Taking Work Breaks Enhances Productivity
How can you and your staff be more productive? Establish and announce effective break policies. Then use National PEO’s online time clock to systematize break and lunch periods. Many factors affect work efficiency. Share the strategies below with your team to boost workforce output.
Enjoy Frequent Breathers
Researchers measuring how personnel spend work time found that the 10 percent who were most constructive took breaks frequently. After laboring 52 minutes, they devoted 17 minutes to unwinding and refocusing. What makes that 52/17 work-to-break-time ratio so successful? Highly productive employees sprint through tasks, toiling extremely hard in 52-minute bursts. Like athletes after relatively long sprints, they need breathers.
The study’s most productive staffers did not check their emails, Facebook, or anything else on the Internet during breaks. Instead, they vacated their workstations. Chosen activities included walks, reading books, and conversing with colleagues about non-work topics. If disappearing often is not feasible, enjoy funny pet videos on your smartphone or computer. Animal/humor viewing experiences rest your brain enough to resume high output afterward.
Wonder why immersing yourself in work causes weariness? Attention spans average just 25-45 minutes long. Relaxing for five minutes every half hour will prevent declining concentration. Productivity advocate Graham Allcott advises leaving workstations to get drinks. Computer users should focus their eyes on anything else. Brief screen breaks will keep them fresh throughout workdays.
Shorten Work Periods
You may think long workdays boost performance when they give everyone extra time to function more slowly. Staffers might accomplish more in fewer hours. Their achievements during the two to three hours of strongest attention define their productiveness — not the rest of their long days when output dwindles with concentration. Restricting overall hours or stopping for five-minute breaks could enhance efficiency.
Changing positions and moving about improve blood flowing to your brain. Even 15-minute exercise periods can help your mind engage better afterward. Desk-bound workers can put computers on raised platforms or prop laptops on books to allow standing. Do quick warm-up drills before conferences that require long-term sitting. Or hold small discussions during physical activities.
Avoid Pointless Meetings
Business meetings without clear purposes, agendas, and timeframes are worthless. Even well-organized sessions can waste valuable time. Sending apologies occasionally reclaims important hours to handle necessities.
If your busy team forgets what matters most while stressing over insignificant issues, schedule daily huddles. Brisk gatherings foster internal communications and help everyone focus on performance essentials. Those advantages decrease needs for multiple, long, pointless internal emails and meetings.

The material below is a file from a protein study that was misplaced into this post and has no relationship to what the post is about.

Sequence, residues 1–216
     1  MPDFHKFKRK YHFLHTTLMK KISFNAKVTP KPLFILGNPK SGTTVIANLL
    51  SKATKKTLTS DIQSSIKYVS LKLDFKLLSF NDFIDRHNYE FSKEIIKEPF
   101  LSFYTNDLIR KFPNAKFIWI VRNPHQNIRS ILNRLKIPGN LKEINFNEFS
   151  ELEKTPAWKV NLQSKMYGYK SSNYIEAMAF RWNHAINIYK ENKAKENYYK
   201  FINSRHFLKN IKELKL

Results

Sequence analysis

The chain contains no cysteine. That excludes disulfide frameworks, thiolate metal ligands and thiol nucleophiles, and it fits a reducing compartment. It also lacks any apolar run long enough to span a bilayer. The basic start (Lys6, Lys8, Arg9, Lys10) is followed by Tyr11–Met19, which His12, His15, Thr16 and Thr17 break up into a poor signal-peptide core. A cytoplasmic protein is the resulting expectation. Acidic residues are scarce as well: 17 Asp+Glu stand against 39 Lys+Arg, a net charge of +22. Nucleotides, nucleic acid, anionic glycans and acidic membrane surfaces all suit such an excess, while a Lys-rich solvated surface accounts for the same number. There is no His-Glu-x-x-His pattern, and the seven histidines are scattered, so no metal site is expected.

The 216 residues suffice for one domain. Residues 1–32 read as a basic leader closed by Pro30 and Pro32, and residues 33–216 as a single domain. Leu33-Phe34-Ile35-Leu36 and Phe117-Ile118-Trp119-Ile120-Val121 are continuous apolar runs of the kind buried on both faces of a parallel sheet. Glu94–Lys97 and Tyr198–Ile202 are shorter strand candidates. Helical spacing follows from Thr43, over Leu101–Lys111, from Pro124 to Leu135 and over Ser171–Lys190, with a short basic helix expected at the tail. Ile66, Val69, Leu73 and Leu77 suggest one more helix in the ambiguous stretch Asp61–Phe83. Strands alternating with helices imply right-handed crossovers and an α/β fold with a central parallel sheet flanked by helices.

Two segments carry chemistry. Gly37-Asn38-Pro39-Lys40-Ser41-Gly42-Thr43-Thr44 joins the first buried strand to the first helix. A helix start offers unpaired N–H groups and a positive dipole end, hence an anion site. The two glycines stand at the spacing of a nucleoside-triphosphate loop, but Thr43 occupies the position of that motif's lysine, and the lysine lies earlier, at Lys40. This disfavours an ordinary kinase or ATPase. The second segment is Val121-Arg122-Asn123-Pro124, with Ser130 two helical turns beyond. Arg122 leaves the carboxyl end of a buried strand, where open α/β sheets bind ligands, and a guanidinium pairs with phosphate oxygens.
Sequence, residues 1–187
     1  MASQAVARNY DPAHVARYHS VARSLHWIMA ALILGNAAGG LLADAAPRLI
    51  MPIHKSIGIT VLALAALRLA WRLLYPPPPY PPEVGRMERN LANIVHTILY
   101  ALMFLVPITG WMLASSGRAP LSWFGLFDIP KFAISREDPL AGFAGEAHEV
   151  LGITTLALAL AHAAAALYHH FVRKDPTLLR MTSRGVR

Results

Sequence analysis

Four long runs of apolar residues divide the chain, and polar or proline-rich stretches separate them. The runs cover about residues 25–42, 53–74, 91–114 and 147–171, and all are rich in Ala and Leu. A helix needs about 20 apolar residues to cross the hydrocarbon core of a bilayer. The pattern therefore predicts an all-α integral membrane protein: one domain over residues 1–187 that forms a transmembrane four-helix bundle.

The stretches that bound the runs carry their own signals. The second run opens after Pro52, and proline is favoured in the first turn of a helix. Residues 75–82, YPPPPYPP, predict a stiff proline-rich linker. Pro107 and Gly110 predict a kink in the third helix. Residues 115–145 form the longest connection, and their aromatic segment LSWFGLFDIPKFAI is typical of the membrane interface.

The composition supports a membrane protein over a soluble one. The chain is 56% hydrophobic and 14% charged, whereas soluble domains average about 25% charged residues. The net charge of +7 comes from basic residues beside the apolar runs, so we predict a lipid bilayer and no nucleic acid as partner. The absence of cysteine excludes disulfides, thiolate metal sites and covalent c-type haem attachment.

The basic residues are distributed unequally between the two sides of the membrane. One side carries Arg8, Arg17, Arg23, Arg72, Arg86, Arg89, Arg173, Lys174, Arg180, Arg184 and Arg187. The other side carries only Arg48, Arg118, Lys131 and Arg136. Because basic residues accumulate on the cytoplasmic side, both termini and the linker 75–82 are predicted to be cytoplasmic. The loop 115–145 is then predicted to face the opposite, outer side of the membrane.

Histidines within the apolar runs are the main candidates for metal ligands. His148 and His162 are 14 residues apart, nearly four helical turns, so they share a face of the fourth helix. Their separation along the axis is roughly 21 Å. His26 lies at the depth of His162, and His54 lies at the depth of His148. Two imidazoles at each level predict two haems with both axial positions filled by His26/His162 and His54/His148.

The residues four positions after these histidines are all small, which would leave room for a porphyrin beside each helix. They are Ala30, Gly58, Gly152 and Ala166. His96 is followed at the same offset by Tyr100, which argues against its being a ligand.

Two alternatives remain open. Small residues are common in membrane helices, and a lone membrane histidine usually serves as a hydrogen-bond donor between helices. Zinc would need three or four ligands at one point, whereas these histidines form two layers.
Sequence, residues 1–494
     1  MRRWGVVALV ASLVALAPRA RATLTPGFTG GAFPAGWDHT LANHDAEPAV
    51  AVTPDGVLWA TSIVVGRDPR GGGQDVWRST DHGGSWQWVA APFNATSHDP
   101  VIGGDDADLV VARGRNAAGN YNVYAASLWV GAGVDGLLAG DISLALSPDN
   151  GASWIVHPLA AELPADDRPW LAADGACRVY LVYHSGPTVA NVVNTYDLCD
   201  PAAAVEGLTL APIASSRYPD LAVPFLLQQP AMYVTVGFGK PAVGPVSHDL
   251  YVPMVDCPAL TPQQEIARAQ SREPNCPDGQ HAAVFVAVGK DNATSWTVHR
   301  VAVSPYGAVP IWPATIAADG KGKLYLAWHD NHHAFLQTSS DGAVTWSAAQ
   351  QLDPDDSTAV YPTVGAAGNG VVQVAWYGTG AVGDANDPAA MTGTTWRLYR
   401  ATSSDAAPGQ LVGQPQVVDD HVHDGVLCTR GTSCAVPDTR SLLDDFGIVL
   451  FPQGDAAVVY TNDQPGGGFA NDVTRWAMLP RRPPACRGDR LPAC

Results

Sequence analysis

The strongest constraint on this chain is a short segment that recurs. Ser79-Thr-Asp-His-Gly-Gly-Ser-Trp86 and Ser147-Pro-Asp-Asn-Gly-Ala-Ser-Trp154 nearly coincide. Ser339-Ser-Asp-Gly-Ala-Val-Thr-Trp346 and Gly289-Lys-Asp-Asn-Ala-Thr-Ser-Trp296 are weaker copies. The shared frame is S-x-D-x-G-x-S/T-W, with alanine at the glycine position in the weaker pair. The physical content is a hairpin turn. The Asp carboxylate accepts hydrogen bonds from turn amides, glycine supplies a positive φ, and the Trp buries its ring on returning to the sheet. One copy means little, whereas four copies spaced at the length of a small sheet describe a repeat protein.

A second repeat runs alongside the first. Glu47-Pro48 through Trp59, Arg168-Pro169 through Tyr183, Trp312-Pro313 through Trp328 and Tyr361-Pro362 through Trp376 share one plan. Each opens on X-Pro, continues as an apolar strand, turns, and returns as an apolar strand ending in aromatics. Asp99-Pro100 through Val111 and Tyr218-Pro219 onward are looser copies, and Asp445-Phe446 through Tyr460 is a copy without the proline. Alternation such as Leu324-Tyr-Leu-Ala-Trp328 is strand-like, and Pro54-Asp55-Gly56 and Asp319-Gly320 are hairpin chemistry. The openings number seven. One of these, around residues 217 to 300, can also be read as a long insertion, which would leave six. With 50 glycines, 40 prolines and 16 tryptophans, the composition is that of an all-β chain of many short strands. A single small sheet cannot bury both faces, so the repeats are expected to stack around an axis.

Minimize Your Inbox
Emails can be great productivity tools or huge distractions. Key business aspects that add value and create impacts occur outside inboxes. Personnel should take care of and discard messages regularly, reducing them to just one page. Addressing all essential matters and making all necessary decisions promptly eliminates issues on subsequent pages from nagging at your subconscious. Freeing up space and time to work outside inboxes will be a relief.
Become a List Maker
Our amazing brains are almost useless for short-term recall. Itemizing vital activities with corresponding projects can clear everyone’s minds to focus on what they handle brilliantly instead. Use Microsoft Outlook’s task function, a second brain app, Microsoft Word, a text doc, or scratch pad and pen. Update your to-do list regularly to relieve memory strain.
Schedule a Power Hour
Have items stayed on your overwhelming to-do list too long? Do you postpone challenging duties? Those examples promote procrastination. Irritating thoughts about what you should have done can be disruptive. Schedule one daily Power Hour to tackle anything difficult, unclear, tedious, and scary. Power through them quickly so they will not distress you later.
Contemplate Your Thinking
Setting aside weekly thinking time may cause guilt. What if no one else considers your efforts real work? But deliberate reflection is vital to workplace well-being, control, and productivity. Review your weekly schedule, current tasks, and upcoming projects. Notice effectiveness, set realistic intensions so you can turn down requests as necessary, and develop clarity to remove procrastination and create momentum.
Make Your Internal Voice Helpful
What is your measurable goal? Which actions will help you achieve it? Those answers will clarify any task while sharpening thinking. When dreading boring chores, tell yourself, “I get to …” instead of “I must ….” Choose words to prompt motivation and spur productivity.
Categories: Human Resources